SEARCH OUT YOUR SPIRIT GUIDE
The idea of spirit guides, protective universal forces, is common to many mystical and spiritual teachings, while spirit animals are of significance in some Native American traditions.
It’s said that spirit guides are magical pathfinders, messengers, helpers, showers of the way, beings or entities devoted to our guidance and protection. Easily rubbished by the sceptical? Erm, yes! Intriguing all the same? I think so. Who doesn’t like the idea of a spiritual sidekick who is 100 per cent Team You?
BE AN ASTROLOGY SUPERFAN
Look, I know it’s not scientific. I’m happy to listen to facts about the planets being too far away to possibly impact life on Earth. But if you’re looking for magic there’s no better place to look than up at the stars. As far as I’m concerned, astrology transcends logic for all the right reasons and the deeper I delved into it, the better I understood who I was and what my potential could be.
It was like a road map for life, a way to become more self-aware and more aware of people around me, yet another gift from the ancient world that makes a lot of sense in the modern one. We all know our star signs, but to go that bit deeper, you’ll need to discover the secrets of your birth chart too (a snapshot of the sky at the moment you were born). Plug in your details on a site such as Astro.com, Astro Seek or Café Astrology and see what comes up — it can feel like cracking a secret code.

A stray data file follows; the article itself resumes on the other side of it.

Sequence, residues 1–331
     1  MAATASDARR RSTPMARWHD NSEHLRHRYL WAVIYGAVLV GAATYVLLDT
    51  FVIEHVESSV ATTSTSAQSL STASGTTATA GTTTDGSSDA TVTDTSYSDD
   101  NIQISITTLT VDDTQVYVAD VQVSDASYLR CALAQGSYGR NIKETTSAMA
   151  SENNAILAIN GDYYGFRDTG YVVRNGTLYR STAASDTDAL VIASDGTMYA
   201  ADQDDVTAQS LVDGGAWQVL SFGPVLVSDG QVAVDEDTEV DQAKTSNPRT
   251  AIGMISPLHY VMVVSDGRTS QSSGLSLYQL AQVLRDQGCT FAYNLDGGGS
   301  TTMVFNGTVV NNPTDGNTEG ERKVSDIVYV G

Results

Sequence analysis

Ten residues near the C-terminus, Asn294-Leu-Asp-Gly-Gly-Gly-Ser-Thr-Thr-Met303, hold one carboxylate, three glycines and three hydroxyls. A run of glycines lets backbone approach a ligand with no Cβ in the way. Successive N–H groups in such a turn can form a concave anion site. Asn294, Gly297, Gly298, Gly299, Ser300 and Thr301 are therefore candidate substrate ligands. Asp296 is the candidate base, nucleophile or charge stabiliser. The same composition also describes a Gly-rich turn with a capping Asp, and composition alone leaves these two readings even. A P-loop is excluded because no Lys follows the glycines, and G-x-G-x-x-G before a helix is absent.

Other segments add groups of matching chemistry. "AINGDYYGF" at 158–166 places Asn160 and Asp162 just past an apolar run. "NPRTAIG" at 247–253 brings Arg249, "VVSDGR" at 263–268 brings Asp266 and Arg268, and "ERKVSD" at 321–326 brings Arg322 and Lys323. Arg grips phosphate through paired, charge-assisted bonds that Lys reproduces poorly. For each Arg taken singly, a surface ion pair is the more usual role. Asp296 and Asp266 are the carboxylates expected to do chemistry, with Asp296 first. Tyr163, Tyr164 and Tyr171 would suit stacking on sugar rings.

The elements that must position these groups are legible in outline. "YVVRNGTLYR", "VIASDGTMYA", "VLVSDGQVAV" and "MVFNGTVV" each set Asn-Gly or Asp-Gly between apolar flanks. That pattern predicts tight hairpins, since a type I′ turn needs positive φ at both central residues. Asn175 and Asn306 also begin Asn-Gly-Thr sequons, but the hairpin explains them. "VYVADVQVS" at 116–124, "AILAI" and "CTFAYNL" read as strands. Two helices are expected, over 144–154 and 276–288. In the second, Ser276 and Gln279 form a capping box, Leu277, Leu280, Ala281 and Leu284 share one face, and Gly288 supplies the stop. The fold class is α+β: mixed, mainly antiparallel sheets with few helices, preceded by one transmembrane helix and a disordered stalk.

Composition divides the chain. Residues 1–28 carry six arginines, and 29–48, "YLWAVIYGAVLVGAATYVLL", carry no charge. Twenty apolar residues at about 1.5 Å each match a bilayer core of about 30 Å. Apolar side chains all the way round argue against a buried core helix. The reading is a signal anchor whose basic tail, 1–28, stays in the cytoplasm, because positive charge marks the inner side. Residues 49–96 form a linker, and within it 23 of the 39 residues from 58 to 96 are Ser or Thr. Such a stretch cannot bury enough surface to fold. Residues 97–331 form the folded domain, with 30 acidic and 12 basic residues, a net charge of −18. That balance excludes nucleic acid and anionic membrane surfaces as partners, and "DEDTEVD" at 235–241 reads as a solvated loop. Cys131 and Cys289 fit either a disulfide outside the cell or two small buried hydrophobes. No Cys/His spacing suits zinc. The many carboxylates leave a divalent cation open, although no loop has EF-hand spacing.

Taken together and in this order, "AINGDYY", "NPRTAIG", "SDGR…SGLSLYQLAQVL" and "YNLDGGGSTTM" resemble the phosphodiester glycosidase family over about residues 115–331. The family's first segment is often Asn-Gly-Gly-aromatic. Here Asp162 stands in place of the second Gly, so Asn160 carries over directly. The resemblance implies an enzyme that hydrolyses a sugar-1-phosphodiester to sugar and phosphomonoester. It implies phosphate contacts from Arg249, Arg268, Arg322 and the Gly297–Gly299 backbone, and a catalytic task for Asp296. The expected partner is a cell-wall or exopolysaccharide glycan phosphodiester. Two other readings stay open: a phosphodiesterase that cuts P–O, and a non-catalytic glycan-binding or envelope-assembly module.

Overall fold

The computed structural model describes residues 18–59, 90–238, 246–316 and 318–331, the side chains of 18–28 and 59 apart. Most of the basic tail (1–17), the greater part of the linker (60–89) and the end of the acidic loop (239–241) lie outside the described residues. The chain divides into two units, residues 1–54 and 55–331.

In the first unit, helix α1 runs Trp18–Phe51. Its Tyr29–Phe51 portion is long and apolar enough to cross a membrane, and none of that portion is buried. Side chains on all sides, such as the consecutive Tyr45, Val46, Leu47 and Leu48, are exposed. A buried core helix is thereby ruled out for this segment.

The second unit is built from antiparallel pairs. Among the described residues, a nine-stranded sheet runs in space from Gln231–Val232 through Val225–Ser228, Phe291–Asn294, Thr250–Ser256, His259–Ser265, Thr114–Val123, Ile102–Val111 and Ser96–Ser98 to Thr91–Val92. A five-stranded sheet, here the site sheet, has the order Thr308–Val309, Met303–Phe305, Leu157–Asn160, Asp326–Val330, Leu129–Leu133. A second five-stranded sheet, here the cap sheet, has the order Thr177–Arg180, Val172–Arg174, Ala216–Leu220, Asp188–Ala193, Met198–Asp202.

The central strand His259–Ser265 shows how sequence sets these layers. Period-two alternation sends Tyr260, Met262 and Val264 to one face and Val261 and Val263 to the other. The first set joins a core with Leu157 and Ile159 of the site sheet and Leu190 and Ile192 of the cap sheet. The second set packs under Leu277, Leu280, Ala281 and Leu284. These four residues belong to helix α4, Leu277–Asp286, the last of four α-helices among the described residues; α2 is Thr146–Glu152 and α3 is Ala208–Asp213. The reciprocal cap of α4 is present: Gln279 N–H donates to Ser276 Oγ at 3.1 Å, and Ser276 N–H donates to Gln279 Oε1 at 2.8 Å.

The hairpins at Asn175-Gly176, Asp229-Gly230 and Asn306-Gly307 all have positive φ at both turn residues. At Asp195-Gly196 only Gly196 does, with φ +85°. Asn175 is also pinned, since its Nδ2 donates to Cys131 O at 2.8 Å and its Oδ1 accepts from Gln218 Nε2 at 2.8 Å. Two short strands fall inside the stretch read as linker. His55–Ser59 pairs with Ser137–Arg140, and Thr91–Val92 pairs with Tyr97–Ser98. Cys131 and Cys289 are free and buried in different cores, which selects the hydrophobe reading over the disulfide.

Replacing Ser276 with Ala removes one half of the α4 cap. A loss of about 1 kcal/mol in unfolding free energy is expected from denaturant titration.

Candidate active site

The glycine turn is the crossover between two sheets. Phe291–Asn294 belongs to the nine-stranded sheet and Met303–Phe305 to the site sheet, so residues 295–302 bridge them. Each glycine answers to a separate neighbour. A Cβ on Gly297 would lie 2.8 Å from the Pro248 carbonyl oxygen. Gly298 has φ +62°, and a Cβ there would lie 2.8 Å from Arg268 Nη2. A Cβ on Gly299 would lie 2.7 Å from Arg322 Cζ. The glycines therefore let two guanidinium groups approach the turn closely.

YOUR TURN: One of the best bits of a birth chart is finding out how other people perceive you — that’s the function of your rising sign, which represents your public self. You’ll need a fairly accurate birth time (within a couple of hours) but it’s worth trying to find out if you don’t already know. Some people discover they relate more closely to their rising sign than their star sign, and it’s always worth reading the horoscope for both (the rising sign is often more accurate).
How others perceive you if your rising sign is …
Aries: Quick-witted, go-getting, fast-paced rebel.
Taurus: Reliable, strong willed, lover of the good life.
Gemini: Super smart, quick-witted chatterbox.
Cancer: A lover, a nurturer and a good friend in a crisis.
Leo: A confident fun-lover who stands out in a crowd.
Virgo: Organised and totally together with a side order of earth mother.
Libra: An indecisive charmer with good intentions.
Scorpio: Magical, mysterious and sexy.
Sagittarius: An outspoken optimist with a lust for life’s big adventures.
Capricorn: Powerful, driven and definitely going places.
Aquarius: A clever, one of a kind crusader on a mission.
Pisces: Head in the clouds, flaky dreamer for life.
Which is how I found myself at a Meet Your Spirit Animal workshop in a candlelit London loft, drinking orange-scented cacao (a sort of healthy hot chocolate thought to have medicinal, heart-activating qualities), ready to go on a two-hour journey with Tamara Driessen, a crystal healer, tarot reader and shamanic practitioner who also goes by the name Wolf Sister.